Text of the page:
Intensified by climate change, the 2014-16 El Niño exceeded previous records, unleashing severe and destructive extreme weather in many parts of the world.
National State of Emergency Local/Regional State of Emergency Emergency Response from U.N.
“This El Niño is playing out in uncharted territory. Our planet has altered dramatically because of climate change.”
— Michel Jarraud, Secretary-General of the World Meteorological Organization
Preparation and action is needed now to prevent frightening scenarios of loss and destruction.
One city and five countries have already declared a state of emergency due to the El Niño, while the United Nations has deployed emergency resources to a further 10 countries.
This year’s El Niño is beginning to expose the dangerous extent of the global warming rapidly accumulating due to human greenhouse gas emissions. Since the last record-breaking El Niño of 1997, a staggering 93% of global warming has been absorbed deep into the oceans.
This El Niño event is now reversing that, with masses of heat energy released from the oceans into the atmosphere. This is effectively speeding up global warming by at least a decade. This has meant that we’ve now passed one degree of warming since the 1880s.
Continued climate change is likely to increase the frequency and intensity of El Nino events. To find out more about what an El Niño is, click here.
Frontlines of El Niño
Papua New Guinea
Months of drought, more than one third of the country going hungry
Since July, more than 100,000 children have been turned away from schools as there’s just not enough water or food left to run them anymore. After a period of severe frosts in the highlands that killed-off staple food crops, the intense El Niño-driven drought has prevented new crops from growing. There have been reports of deaths from starvation and disease.
Arianne Kassman, 350 Papua New Guinea Coordinator:
“This crisis shows the importance of addressing the issue of climate change as the survival of our people depends on it. Our people rely on their gardens to survive and now that s being taken away from them. Almost 70% of our people lives in rural areas and rely on subsistence farming to survive.”
Community leader and elders in Ajawa discusion water issues. Photo: Dima CARE
“All we can do is hope”
“I grew up in Kisii County, the western part of Kenya. A region that contributes largely to Kenya’s fruit basket, but we too have noticed the absence of rainfall. In the 1970’s my family built a dam within the land my grandfather owned. Though he has departed, that dam has always been there from since I can remember, but in the last two years weather patterns across the country have demanded that our family not take this reservoir for granted. As we experience the second round of drying up, the future remains uncertain. Will the dam refill with rain water as we approach the New Year? Our neighbourhood glares at the skies as if to question where the clouds went. All we can do is hope as we wait for the effects of El Nino to pass.”
— Unelker Maoga
Ethiopia has plunged into a worsening food crisis as two crop cycles have failed due to the El Niño driven drought gripping the country. The Ethiopian government expects that 10.1 million people will face critical food shortages in the coming year, with 400,000 children at risk of developing acute malnutrition.
“The worst drought in Ethiopia for 50 years is happening right now, with the overall emergency response estimated to cost $1.4 billion,” says John Graham, Save the Children’s country director in Ethiopia.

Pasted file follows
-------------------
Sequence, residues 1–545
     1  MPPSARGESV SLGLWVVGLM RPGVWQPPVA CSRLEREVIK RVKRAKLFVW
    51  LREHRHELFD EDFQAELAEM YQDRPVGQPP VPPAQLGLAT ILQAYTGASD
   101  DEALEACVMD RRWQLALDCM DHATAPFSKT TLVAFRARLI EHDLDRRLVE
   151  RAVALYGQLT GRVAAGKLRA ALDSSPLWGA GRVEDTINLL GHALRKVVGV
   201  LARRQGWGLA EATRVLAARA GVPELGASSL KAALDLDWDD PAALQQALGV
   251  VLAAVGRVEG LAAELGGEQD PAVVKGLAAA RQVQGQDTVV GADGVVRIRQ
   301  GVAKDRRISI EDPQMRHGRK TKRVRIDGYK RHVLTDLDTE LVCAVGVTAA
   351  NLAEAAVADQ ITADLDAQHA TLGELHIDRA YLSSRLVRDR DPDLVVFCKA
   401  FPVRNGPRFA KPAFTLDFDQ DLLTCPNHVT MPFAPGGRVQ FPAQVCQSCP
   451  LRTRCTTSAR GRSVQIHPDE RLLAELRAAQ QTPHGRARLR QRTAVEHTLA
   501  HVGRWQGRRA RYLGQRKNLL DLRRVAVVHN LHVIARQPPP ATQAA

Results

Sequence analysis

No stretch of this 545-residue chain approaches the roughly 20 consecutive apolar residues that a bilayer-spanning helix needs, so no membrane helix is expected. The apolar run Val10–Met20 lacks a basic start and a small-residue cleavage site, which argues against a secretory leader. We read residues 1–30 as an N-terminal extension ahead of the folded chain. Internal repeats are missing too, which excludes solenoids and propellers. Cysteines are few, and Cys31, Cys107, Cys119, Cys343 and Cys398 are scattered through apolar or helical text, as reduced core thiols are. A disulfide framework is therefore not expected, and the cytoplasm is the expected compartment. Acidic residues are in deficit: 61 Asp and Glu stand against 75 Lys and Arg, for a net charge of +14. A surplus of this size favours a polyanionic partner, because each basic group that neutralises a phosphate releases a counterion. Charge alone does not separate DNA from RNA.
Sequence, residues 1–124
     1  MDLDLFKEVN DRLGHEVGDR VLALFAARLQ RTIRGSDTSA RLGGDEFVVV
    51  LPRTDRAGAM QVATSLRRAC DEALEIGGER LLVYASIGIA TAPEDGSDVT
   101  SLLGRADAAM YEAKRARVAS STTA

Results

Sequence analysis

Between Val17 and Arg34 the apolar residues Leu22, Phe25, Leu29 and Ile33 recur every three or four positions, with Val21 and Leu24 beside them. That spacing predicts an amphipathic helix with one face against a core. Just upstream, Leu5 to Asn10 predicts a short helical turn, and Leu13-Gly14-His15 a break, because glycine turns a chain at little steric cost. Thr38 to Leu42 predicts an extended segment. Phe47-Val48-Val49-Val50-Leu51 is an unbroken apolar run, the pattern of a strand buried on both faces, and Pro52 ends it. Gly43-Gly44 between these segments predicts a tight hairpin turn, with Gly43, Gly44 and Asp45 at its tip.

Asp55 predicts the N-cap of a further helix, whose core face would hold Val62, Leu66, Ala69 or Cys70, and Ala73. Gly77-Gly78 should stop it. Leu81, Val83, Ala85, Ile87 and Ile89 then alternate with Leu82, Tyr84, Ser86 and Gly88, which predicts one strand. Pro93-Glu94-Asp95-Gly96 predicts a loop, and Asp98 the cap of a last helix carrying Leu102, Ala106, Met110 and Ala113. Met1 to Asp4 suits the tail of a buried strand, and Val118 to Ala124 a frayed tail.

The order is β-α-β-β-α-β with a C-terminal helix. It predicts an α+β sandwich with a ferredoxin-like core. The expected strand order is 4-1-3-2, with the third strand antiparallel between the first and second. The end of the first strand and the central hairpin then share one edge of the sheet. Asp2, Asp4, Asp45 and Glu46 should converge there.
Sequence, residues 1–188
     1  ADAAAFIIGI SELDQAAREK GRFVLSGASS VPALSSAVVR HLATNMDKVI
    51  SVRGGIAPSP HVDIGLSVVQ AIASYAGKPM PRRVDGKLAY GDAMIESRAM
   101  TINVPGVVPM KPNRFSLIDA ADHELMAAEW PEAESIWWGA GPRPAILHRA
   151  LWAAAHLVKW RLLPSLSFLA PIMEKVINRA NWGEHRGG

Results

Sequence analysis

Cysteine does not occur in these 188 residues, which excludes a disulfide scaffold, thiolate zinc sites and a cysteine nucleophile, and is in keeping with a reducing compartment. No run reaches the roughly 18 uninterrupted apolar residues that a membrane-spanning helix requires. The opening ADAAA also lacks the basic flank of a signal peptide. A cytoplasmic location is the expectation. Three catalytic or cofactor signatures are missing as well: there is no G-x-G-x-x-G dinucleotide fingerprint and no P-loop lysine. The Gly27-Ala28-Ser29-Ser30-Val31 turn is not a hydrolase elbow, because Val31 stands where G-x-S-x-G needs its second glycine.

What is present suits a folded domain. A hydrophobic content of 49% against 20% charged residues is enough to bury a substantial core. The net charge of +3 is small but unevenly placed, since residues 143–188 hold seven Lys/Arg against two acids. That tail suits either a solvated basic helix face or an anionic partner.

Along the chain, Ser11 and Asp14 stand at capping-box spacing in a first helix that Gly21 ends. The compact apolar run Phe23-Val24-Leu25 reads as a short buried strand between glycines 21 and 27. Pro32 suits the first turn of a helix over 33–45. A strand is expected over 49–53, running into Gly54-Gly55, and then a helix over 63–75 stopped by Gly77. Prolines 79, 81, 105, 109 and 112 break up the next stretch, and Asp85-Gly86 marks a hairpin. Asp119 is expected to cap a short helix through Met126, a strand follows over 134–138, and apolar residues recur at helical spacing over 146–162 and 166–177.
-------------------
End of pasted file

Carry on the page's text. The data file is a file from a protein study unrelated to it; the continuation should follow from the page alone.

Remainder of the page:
Chennai floods. Photo: Wikimedia
El Niño & climate change intensified record breaking floods
The devastating and deadly floods that hit Chennai in early December after 5 weeks of intense deluges were made worse by the El Niño and climate change. In one 24 hour period, the most rain in Chennai’s recorded history fell, washing away aeroplanes at the airport, destroying homes and leaving much of the city without power.
Ecuador, Peru, Bolivia
On alert for severe flooding and erosion
It is estimated that at least 1.5 million people are at risk from flooding in Ecuador alone in the coming months. During the 1997-98 El Niño, Ecuador and Peru experienced rainfall at 10 times the normal intensity, which caused severe flooding, mudslides and damage to infrastructure.
What needs to be done?
Get prepared: It saves lives and a lot of money
Analysis by the World Food Programme of their programs in Niger and Sudan found that responding before disasters hit lowers the cost of a future humanitarian response by a half. Many communities will remember the impacts of the 1997/98 El Niño and are already preparing themselves for the coming months. Different parts of the world are affected differently by the El Niño, as this map from USAID shows (the map shows the costs associated with the 1982/83 El Niño).
→ If you are in one of the impacted spots highlighted in the map, reach out to your local authorities, weather bureau or community leaders to find out what the expected local impacts are, and what you can do to get prepared. If they’re not yet thinking about it, you should demand that they get proactive!
Our thanks to Belinda Storey for helping put this map and content together.
Global solidarity and action is critical
As well as preparing ourselves and communities for the El Niño, it’s critical that we keep the momentum growing behind the global climate movement that is fighting to limit global warming to 1.5° C.
Breaking 1.5 degrees would expose the world to increasingly severe and damaging El Niño events. That’s not a future we are prepared to see. You can join us at 350.org — Sign up and we’ll keep you informed about actions, events and online tools to have your voice heard!
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